What is Giving Compass?
We connect donors to learning resources and ways to support community-led solutions. Learn more about us.
Giving Compass' Take:
• Adam Harris at The Atlantic, discusses the inequalities related to education access within parts of rural America and offers recommendations on how to address education deserts.
• One of the recommendations is for states to invest more in offering affordable higher education opportunities for rural students. However, the trend of state disinvestment in public higher education still holds strong. How can donors offer support or help in this arena?
• Read about what makes an education desert.
One in three Montanans live more than 60 minutes from their nearest college campus. These tracts of land that separate the individuals and institutions are sometimes called “education deserts,” and they cover many patches of rural America. Add to that the fact that nearly 40 percent of first-time, full-time freshman attend institutions less than 50 miles from home, and these statistics begin to sketch the outlines of a crisis.
The high-school education gap actually narrowed between 2000 and 2015—now students are just about as likely to attain a high-school diploma whether they live in a rural or an urban environment, according to a report from the United States Department of Agriculture. But during that same time period, the college-completion gap has widened.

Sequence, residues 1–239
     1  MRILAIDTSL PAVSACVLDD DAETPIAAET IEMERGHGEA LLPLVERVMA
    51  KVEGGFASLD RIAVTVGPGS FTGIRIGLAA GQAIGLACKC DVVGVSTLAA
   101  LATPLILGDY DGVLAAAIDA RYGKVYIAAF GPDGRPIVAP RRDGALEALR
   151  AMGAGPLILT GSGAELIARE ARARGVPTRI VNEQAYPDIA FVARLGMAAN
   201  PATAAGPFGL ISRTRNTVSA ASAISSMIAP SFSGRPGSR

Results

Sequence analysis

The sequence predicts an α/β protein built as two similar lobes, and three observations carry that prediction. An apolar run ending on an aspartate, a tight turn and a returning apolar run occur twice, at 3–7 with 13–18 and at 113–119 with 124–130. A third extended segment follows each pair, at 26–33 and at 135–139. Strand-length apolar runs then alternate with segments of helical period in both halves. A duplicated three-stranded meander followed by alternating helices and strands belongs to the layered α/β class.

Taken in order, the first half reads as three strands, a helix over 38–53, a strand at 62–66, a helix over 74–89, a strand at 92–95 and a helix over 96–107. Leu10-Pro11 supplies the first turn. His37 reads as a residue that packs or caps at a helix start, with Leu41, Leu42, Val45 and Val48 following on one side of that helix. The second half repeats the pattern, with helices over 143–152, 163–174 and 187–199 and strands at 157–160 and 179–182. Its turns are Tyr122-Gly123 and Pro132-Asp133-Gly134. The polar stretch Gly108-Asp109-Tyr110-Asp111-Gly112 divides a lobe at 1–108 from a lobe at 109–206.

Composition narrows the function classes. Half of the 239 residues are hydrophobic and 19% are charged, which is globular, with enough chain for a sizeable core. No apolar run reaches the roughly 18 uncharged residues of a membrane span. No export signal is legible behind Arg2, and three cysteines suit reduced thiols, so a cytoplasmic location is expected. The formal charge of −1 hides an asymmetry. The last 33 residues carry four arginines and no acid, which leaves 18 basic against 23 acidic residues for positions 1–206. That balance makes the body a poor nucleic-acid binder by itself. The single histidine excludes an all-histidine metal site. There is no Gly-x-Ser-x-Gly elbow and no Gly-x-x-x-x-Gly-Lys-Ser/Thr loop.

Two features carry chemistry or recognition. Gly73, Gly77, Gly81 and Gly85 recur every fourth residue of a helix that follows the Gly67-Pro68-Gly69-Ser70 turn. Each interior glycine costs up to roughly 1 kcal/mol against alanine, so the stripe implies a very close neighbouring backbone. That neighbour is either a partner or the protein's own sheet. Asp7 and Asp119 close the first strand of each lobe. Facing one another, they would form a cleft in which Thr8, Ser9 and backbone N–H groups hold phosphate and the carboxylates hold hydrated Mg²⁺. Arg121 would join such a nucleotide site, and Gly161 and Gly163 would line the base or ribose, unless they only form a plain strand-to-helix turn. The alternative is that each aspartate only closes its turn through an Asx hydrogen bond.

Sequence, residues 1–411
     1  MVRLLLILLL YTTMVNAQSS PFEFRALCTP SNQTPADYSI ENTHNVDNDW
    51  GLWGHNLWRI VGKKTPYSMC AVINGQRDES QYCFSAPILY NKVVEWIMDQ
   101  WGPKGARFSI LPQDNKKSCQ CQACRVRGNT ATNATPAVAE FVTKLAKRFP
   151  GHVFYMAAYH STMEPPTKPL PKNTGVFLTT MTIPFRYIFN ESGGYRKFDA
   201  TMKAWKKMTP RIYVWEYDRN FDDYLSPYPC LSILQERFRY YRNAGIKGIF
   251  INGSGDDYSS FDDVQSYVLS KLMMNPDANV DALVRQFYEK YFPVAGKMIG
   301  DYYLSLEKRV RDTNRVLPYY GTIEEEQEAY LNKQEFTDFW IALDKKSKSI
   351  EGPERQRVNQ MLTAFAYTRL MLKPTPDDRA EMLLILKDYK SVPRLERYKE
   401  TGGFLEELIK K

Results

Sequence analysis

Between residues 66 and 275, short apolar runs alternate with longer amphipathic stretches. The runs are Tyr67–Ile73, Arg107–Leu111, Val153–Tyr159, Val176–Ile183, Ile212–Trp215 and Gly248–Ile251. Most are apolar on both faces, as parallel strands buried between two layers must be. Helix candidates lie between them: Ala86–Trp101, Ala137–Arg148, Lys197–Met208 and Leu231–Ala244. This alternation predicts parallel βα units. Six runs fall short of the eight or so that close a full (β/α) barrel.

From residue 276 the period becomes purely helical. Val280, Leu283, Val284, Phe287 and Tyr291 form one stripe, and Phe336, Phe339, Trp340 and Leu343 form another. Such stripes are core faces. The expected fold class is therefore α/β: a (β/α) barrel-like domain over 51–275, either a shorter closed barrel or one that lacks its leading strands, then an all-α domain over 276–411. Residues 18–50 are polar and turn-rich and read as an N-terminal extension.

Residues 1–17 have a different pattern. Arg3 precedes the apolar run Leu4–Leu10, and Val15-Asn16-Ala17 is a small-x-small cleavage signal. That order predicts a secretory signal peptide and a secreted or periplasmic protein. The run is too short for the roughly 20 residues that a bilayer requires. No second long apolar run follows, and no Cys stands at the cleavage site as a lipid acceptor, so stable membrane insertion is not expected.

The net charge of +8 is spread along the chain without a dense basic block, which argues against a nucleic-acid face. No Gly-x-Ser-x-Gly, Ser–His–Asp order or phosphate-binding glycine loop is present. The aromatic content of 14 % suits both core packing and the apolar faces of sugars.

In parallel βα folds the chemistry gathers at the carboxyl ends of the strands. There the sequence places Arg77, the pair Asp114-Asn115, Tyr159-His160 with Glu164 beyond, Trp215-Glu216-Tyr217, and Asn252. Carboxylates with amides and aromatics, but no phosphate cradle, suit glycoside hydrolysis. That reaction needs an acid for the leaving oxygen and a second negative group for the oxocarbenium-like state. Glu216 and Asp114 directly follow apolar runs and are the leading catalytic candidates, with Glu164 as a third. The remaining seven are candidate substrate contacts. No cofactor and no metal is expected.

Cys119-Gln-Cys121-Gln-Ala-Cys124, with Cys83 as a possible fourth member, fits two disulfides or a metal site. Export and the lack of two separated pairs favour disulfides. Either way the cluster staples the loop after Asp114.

“We need to take seriously the idea that everyone deserves access to a quality education, and we need to do everything we can to make that a reality,” Tara Westover, the author of the memoir Educated, said onstage at the Aspen Ideas Festival, which is co-hosted by the Aspen Institute and The Atlantic. “There’s all kinds of evidence to show that education is wildly unequal,” she said, “and as we allow that to continue, we’re just seeing the beginning of our political turmoil.”
Online education is sometimes touted as a solution for education deserts, but a rural student seeking an online degree is more likely to run into infrastructure problems. As a report from the Center for American Progress, a left-leaning think tank, showed, “only about 63 percent of people in rural areas have broadband internet access in their homes, compared with 75 percent of people in urban locales.”
Another potential answer is to encourage states to invest in higher education—placing more good, affordable options in places that need them. But if the trend of state disinvestment in public higher education holds, that may prove fruitless.
Read the full article about education deserts by Adam Harris at The Atlantic.